Brought to you by
Engineers on Boards
Founder, Board Presence; BE (Geological, Environmental), RMIT; Fellow of Engineers Australia; Chartered Engineer
Founder of advisory group Board Presence Stacey Daniel FIEAust CPEng believes that corporate boards need more engineers among their make-up.
“There is a need for trust in leadership and evidence-based decision-making,” she says.
“Research shows engineers are one of the most trusted professions behind doctors, nurses and teachers. They also hold desirable characteristics and traits, valued in top positions because of their analytical, problem-solving and collaborative skills for information-based decisions.”
So why do boards have so few engineers?
Daniel says engineers are held back because they might not fully understand boards, they have a perception that boards are exclusive or for highly experienced people, or they lack confidence.
“Research shows engineers are one of the most trusted professions behind doctors, nurses and teachers."
In response, she has developed a range of tools to encourage engineers to consider board work, to help improve decision-making and to work towards achieving the United Nations Sustainable Development Goals.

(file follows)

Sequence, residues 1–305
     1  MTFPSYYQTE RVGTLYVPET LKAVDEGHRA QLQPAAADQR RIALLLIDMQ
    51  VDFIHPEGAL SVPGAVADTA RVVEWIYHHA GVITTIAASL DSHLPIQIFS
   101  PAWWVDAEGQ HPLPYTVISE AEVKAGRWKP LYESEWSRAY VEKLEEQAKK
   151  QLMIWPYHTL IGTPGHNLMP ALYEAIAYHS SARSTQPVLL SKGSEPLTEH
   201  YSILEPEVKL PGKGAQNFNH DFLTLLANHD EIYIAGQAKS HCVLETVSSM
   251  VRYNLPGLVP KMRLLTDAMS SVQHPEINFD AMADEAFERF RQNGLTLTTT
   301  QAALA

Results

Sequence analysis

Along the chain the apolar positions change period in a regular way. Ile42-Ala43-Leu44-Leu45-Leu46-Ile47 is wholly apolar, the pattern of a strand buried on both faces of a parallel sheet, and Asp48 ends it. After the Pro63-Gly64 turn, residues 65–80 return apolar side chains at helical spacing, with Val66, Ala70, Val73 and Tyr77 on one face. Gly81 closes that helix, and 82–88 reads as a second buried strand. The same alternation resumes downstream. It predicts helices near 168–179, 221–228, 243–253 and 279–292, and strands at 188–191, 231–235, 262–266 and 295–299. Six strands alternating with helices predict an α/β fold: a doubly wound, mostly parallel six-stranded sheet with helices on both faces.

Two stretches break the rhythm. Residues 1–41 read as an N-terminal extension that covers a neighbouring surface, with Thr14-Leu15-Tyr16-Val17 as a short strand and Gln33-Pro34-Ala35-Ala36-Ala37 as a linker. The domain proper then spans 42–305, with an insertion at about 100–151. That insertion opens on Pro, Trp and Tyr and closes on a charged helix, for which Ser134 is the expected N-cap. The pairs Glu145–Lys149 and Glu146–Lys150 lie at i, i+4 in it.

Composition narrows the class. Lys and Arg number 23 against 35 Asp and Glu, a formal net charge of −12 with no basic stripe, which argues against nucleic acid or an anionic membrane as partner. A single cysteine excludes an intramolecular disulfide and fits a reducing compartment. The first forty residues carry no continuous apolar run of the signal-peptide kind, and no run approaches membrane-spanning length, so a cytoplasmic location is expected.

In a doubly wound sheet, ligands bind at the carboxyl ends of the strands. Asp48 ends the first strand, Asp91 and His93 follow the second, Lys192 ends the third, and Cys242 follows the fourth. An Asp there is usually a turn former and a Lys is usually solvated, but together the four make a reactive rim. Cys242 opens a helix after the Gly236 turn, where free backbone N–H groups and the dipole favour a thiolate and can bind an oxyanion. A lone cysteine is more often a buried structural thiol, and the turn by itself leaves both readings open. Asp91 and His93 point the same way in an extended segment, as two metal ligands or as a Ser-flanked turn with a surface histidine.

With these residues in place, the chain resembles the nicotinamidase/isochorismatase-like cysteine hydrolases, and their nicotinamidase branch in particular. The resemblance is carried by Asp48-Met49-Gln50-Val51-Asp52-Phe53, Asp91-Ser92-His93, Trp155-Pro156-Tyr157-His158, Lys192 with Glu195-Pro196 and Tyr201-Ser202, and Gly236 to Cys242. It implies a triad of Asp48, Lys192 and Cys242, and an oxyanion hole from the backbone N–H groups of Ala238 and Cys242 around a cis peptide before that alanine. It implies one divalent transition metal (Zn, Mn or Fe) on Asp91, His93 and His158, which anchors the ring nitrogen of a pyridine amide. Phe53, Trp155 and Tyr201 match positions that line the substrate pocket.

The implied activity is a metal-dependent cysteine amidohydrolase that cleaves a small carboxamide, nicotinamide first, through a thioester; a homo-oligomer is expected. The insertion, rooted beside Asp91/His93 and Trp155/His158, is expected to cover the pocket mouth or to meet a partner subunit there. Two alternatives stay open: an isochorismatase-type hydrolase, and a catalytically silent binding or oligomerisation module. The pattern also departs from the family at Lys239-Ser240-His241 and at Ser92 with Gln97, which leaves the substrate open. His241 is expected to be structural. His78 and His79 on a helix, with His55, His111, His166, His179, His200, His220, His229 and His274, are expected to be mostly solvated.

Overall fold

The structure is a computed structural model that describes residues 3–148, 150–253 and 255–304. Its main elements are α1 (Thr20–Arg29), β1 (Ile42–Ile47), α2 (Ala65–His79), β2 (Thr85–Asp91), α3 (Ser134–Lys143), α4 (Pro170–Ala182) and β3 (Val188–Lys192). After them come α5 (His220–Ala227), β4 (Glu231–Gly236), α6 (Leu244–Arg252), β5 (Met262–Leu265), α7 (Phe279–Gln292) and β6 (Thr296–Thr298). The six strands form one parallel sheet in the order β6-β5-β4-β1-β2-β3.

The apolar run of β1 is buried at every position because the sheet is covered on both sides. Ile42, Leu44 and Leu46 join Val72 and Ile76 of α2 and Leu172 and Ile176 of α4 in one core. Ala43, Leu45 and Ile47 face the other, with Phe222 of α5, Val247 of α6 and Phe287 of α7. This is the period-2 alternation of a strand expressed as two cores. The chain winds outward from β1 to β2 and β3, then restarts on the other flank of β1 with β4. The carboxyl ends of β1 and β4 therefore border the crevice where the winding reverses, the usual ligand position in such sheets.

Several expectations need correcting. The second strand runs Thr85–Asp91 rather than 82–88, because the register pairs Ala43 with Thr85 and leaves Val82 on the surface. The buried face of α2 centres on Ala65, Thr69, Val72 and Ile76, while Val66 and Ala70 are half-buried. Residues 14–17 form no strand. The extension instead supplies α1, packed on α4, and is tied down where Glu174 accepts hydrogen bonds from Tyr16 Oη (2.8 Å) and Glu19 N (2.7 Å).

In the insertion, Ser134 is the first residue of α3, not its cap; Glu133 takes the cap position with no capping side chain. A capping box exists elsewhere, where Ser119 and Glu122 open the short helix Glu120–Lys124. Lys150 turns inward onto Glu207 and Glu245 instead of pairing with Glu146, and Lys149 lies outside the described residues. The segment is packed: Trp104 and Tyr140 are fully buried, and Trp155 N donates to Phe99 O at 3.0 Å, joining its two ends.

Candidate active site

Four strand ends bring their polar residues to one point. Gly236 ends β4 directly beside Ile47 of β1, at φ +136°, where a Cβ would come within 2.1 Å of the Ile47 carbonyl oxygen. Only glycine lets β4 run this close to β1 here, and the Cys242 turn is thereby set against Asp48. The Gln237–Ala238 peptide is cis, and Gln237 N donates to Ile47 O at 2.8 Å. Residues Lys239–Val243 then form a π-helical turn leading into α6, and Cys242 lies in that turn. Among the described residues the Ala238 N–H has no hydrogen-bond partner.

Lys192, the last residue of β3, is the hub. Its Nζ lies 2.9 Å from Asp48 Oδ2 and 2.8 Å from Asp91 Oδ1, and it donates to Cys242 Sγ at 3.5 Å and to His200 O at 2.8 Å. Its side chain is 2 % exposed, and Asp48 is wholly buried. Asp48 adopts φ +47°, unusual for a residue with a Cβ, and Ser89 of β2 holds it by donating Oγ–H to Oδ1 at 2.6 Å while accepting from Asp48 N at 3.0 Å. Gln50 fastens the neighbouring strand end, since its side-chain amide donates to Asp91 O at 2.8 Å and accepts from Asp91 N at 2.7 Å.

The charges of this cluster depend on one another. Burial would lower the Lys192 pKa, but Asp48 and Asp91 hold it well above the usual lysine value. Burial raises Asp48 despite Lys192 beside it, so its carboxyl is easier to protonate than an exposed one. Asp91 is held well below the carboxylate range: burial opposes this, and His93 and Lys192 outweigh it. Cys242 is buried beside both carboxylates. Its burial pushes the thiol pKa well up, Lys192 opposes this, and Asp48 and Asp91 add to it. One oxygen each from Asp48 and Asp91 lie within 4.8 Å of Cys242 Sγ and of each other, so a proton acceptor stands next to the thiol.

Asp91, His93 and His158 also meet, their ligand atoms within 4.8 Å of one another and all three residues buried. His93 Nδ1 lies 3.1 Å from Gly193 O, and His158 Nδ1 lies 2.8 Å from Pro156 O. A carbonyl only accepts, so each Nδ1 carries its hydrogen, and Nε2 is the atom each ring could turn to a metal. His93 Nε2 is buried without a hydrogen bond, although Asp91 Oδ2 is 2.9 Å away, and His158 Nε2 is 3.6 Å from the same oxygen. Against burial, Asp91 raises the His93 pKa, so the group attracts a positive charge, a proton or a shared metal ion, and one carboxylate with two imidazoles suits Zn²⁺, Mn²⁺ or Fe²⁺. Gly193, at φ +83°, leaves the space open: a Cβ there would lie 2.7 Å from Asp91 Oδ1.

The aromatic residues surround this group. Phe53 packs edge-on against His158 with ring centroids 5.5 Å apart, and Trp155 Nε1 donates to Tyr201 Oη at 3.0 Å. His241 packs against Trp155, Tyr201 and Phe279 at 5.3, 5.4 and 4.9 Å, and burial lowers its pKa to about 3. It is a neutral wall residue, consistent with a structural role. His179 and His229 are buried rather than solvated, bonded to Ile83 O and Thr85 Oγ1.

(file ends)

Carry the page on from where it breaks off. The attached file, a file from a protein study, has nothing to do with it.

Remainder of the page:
“As an example of a short, young, female engineer with experience sitting on boards, I have drawn upon and shared my own story as a means of inspiring other engineers and those from diverse backgrounds,” she says.
“I developed a range of avenues to get my message out into the engineering profession. I solely prepared and delivered two engineering conference presentations, developed an online course, mentored engineers and have written a book for prospective directors.”
That book, Fly to the Boardroom, aims to inform, guide and inspire a new generation of directors and was released in March. Daniel also presented her expertise at the World Engineers Convention and the Sustainable Cities Conference.
Board Presence has helped engineers by providing information about board work, sharing an appreciation of what opportunities there are and helping to build confidence. Ultimately, she expects board stakeholders and the broader public to benefit from more suitable engineers being appointed to boards, given their relevant traits and skills.
“Great concept. There are extensive potential benefits to communities, organisations and the engineering profession if the projects is able to make a difference.”